This is how i did mine
saved about 300 dollars
First thing I did was pull the front panel off the drawer,
Fisher Paykel DD602 dishdrawer with the front panel removed.
With that front panel off, I pulled the wire harness connectors off
the main control board (lower right-hand side) to inspect for gookus.
None found--my quest continued.
The next step to remove the botton drawer from the unit so I could
inspect the flood switch. In order to do this, I had to remove the wire
harness cover on the underside of the drawer. This is what the
underside of the dishdrawer looks like with the botton cover panel
Fisher Paykel DD602 dishdrawer, looking at the underside of one of the drawers with the wire cover plate removed.
With the bottom cover off, I could unclip the wire harness, fill
hose, and drain hose. Then I unclipped the linkage at the back of the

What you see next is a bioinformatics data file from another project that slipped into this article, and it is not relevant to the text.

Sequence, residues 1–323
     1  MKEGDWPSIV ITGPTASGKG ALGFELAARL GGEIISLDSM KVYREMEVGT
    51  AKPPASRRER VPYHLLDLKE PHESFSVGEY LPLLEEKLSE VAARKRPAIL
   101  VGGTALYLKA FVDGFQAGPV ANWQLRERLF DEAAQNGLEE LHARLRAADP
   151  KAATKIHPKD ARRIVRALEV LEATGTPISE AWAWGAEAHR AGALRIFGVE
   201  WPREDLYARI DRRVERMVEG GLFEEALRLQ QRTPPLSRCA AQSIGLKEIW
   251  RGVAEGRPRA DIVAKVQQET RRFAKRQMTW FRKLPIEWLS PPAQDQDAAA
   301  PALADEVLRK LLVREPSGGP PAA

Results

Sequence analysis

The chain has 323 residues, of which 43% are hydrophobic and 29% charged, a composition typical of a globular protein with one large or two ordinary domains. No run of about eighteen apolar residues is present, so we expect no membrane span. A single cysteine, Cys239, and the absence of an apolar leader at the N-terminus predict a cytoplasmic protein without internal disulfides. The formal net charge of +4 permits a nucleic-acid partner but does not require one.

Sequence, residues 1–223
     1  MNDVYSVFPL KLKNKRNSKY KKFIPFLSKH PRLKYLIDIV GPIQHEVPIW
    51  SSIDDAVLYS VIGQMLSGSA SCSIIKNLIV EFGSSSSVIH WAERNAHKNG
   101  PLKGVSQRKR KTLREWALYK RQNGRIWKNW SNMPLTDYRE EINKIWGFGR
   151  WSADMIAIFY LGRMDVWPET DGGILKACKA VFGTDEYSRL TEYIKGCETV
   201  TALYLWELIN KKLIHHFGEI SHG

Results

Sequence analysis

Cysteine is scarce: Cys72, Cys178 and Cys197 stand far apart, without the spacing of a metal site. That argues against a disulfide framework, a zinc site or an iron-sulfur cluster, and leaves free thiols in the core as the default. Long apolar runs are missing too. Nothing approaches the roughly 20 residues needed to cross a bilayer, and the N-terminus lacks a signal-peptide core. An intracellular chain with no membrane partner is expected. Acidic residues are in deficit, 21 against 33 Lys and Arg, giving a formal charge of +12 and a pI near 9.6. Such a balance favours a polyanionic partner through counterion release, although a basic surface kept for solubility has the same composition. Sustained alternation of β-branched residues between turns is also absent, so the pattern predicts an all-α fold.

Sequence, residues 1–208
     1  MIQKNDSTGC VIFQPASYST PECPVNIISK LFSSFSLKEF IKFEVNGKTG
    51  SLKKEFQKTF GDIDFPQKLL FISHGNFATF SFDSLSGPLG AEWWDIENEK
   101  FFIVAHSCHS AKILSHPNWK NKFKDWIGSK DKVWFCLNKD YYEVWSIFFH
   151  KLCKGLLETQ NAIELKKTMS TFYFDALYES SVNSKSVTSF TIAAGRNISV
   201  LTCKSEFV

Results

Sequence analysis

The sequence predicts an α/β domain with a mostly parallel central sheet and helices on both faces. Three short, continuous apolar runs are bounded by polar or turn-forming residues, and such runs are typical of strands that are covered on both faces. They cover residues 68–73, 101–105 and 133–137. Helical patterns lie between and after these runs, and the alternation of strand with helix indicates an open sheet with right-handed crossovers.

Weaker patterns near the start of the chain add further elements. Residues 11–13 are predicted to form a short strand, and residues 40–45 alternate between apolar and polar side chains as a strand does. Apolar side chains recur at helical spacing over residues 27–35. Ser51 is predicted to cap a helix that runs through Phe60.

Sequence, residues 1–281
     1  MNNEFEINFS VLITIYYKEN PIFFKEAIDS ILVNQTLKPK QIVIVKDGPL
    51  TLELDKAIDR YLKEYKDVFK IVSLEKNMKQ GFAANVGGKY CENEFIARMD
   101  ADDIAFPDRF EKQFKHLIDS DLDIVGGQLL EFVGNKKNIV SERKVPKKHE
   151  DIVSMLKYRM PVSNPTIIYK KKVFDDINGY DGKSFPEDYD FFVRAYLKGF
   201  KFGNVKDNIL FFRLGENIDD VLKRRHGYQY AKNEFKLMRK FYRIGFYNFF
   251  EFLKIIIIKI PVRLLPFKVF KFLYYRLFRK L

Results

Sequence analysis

drawer and lifted the drawer off the slider arms. All this to expose
the flood switch, shown on the left-hand side of the bottom panel in the
Fisher Paykel DD602 dishdrawer with the lower drawer removed. The flood switch in mounted on the base, left hand side.
After noting the positions of the wires on the flood switch and
removing them, I unclipped the switch housing from the base panel. The
switch housing contains one switch for each drawer. The switches are
wired normally closed (NC) and each switch has three spade connections,
so it's important to note where the wires went. With the switch housing
out, I could ohm out both switches and both checked good. I inspected
the contacts and noticed that one of them was oxidized, evidenced by
and clean off
the contacts. That'll restore the current flow for that circuit. ." So I cleaned the contacts and reassembled the dishdrawer. I ran the top
drawer and...no F1 error code! I ran it several more times just to be